Deterrence, Incapacitation, and Repeat Offenders
This paper develops an economic model of criminal enforcement that combines the goals of deterrence and incapacitation. Potential offenders commit an initial criminal act if the present value of net private gains is positive. A fraction of these offenders become habitual and commit further crimes immediately upon release from their initial prison term (if any). The optimal punishment scheme in this setting generally involves a finite prison term for first-time offenders (based on the goal of deterrence), and an infinite (life) sentence for repeat offenders (based on the goal of incapacitation).
|Date of creation:||Oct 2008|
|Date of revision:|
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- Gary S. Becker, 1974.
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in: Essays in the Economics of Crime and Punishment, pages 1-54
National Bureau of Economic Research, Inc.
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"A Note on the Optimal Punishment for Repeat Offenders,"
dp0104, Universitaet Bern, Departement Volkswirtschaft.
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NBER Working Papers
6484, National Bureau of Economic Research, Inc.
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- Ehrlich, Isaac, 1981. "On the Usefulness of Controlling Individuals: An Economic Analysis of Rehabilitation, Incapacitation, and Deterrence," American Economic Review, American Economic Association, vol. 71(3), pages 307-22, June.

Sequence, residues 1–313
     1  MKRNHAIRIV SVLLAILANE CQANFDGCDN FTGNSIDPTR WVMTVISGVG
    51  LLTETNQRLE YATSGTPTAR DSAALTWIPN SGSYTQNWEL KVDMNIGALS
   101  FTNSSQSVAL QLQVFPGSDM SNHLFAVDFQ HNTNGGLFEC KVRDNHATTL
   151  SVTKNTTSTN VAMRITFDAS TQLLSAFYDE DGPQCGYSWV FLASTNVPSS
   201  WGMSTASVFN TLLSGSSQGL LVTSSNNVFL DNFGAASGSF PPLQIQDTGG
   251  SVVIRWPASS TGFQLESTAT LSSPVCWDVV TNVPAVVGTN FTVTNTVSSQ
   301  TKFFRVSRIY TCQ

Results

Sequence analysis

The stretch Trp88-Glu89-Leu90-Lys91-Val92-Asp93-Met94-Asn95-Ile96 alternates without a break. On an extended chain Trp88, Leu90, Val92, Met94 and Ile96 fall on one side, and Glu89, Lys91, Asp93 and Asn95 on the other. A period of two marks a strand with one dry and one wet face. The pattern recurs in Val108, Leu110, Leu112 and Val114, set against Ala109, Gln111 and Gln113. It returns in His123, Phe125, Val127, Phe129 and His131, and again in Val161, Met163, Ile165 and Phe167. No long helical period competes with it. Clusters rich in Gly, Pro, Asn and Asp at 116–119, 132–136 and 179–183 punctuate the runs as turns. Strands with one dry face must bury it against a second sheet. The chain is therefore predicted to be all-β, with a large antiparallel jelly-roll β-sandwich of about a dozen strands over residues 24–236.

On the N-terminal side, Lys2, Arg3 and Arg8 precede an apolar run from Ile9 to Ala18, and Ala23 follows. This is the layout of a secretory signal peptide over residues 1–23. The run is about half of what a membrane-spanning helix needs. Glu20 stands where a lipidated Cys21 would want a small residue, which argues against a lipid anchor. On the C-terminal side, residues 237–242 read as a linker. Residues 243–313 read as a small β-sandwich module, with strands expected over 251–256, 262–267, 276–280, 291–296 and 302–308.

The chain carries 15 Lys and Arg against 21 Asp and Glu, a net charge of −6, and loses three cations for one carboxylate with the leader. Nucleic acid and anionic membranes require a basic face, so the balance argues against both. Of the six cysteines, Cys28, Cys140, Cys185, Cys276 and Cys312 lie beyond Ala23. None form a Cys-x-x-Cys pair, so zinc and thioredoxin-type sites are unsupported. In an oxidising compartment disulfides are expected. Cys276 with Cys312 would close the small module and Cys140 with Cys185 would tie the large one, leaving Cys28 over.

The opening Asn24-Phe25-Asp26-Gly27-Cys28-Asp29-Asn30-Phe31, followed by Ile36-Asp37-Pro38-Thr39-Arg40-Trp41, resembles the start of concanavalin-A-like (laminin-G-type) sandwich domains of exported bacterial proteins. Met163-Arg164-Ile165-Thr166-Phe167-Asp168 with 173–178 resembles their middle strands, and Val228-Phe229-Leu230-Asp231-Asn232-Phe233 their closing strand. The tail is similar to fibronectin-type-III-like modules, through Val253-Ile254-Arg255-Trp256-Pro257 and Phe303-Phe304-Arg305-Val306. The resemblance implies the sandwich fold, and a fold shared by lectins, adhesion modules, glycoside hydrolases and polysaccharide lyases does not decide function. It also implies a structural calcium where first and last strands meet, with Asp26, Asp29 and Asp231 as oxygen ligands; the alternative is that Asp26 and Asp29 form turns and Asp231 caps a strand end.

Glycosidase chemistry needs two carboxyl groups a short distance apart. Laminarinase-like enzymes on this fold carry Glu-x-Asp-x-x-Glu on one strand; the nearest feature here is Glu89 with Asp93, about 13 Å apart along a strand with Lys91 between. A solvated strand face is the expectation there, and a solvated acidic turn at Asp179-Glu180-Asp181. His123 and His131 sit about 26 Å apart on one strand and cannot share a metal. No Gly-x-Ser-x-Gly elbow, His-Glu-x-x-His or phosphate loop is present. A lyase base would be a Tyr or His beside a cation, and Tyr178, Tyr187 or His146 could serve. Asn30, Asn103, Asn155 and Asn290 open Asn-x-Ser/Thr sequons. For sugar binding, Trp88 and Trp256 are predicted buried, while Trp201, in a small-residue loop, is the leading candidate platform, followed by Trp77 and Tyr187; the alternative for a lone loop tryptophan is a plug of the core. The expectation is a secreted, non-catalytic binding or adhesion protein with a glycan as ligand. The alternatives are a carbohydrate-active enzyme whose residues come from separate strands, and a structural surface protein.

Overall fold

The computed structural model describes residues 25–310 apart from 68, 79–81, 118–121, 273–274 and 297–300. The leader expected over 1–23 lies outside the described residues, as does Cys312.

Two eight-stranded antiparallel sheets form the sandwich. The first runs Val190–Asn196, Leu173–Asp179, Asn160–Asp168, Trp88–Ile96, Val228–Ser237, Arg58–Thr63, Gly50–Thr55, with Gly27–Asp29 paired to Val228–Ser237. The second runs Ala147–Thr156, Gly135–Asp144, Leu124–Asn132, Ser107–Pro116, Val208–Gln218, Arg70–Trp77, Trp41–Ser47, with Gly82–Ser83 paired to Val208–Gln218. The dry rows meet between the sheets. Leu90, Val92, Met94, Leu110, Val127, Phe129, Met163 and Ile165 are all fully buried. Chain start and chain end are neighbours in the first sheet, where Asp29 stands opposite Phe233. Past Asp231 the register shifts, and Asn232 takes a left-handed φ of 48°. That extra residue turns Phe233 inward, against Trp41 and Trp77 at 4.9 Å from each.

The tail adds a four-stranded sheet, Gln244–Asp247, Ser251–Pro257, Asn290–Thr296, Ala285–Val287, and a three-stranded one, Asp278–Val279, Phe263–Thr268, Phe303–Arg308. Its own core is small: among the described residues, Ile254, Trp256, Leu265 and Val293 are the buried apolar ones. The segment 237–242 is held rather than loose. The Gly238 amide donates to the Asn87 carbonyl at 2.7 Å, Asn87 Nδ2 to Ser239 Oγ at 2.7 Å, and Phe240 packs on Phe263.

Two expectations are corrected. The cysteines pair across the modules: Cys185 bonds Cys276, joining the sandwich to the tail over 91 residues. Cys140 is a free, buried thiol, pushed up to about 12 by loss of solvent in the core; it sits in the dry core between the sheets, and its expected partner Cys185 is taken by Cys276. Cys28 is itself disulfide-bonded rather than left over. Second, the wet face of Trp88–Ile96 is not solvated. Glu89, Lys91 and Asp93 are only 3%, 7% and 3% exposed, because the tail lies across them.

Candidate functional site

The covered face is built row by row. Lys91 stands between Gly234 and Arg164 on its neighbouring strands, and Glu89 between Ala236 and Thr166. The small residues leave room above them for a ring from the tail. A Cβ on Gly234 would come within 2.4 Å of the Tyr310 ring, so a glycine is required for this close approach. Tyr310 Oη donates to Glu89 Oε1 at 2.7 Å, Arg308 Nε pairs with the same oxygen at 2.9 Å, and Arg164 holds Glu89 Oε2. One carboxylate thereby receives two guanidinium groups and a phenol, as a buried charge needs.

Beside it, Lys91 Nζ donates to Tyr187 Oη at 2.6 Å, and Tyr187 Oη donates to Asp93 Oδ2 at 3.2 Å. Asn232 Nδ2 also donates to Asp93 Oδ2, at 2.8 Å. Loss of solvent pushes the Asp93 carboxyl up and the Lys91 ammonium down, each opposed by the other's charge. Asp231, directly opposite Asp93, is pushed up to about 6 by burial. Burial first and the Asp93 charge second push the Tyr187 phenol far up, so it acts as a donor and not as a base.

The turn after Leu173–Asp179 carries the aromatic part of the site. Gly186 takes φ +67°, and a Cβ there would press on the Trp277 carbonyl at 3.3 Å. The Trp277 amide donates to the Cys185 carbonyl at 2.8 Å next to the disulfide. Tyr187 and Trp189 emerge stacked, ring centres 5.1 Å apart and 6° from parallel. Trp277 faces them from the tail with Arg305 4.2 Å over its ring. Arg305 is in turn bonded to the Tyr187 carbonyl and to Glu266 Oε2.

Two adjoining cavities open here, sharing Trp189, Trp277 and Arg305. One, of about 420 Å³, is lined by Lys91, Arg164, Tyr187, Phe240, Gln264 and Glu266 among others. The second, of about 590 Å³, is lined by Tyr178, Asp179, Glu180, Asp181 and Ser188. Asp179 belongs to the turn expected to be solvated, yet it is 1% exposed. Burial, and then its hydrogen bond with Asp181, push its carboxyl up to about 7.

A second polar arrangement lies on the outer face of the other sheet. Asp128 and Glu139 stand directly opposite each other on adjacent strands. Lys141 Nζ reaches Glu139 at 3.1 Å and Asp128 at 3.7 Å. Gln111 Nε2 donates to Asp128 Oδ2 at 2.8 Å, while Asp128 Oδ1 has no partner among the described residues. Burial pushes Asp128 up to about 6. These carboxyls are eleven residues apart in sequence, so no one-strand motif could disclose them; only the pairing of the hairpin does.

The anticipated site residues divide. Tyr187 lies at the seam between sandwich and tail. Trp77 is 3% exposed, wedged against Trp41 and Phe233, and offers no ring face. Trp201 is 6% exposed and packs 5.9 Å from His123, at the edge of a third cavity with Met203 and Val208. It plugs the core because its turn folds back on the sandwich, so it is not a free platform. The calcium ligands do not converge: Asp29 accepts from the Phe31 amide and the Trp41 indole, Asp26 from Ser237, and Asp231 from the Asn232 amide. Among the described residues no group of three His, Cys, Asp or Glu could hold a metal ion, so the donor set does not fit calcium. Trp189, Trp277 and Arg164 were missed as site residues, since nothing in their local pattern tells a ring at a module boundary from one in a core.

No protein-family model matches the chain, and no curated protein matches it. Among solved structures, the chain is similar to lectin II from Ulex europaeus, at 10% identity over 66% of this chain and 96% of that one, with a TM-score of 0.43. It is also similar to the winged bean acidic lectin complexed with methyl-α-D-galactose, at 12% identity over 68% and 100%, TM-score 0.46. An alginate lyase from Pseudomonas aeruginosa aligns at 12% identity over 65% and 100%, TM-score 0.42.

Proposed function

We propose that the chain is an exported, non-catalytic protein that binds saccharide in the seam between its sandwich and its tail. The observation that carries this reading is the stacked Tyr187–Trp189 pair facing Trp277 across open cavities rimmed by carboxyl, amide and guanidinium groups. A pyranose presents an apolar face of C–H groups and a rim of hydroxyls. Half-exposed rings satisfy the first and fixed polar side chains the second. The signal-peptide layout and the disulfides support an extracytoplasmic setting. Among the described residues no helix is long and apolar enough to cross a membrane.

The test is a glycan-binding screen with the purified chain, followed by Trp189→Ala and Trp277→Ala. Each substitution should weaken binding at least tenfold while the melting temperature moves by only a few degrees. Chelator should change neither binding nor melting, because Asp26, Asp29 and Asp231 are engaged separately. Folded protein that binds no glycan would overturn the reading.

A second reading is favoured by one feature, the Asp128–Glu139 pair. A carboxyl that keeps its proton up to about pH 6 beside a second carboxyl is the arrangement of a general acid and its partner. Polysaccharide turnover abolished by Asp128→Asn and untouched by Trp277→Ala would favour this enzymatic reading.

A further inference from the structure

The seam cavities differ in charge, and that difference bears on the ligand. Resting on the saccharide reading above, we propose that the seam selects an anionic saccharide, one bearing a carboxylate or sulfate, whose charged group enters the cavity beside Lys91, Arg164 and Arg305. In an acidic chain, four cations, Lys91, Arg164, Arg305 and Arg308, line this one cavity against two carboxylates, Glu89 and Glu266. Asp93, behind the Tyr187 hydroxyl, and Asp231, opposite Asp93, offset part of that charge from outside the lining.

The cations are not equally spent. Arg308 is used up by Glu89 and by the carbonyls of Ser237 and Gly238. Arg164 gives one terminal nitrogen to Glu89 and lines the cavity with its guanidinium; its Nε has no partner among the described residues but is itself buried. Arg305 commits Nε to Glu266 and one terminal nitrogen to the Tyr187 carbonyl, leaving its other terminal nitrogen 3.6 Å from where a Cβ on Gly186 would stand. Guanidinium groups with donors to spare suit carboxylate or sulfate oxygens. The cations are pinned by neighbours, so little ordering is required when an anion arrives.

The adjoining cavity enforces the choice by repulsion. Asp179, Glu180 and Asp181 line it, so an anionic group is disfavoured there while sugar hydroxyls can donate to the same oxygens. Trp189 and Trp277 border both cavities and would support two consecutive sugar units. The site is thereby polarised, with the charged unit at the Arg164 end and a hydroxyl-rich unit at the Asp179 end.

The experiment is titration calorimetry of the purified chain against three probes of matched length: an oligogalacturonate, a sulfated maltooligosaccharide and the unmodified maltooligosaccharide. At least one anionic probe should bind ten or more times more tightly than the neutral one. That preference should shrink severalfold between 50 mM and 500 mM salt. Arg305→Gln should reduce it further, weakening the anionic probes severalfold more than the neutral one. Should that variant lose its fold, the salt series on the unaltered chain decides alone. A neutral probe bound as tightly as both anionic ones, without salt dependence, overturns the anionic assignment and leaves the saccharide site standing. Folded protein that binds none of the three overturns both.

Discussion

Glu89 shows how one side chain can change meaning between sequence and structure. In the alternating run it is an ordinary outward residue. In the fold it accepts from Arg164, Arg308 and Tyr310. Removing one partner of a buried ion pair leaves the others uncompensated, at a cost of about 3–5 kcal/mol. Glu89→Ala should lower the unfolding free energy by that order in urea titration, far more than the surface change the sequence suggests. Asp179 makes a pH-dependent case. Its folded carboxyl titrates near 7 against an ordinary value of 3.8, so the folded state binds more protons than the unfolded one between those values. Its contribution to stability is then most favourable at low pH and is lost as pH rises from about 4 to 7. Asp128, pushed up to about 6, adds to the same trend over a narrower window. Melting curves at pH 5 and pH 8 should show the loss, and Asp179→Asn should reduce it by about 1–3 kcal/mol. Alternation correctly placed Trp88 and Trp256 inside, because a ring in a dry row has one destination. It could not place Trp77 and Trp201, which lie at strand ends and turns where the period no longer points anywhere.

- Thomas J. Miceli & Catherine Bucci, 2004.
"A Simple Theory of Increasing Penalties for Repeat Offenders,"
2004-39, University of Connecticut, Department of Economics.
- Miceli Thomas J. & Bucci Catherine, 2005. "A Simple Theory of Increasing Penalties for Repeat Offenders," Review of Law & Economics, De Gruyter, vol. 1(1), pages 71-80, April.
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- Chu, C. Y. Cyrus & Hu, Sheng-cheng & Huang, Ting-yuan, 2000. "Punishing repeat offenders more severely," International Review of Law and Economics, Elsevier, vol. 20(1), pages 127-140, March.
- Glenn C. Loury, 1979. "Market Structure and Innovation," The Quarterly Journal of Economics, Oxford University Press, vol. 93(3), pages 395-410.
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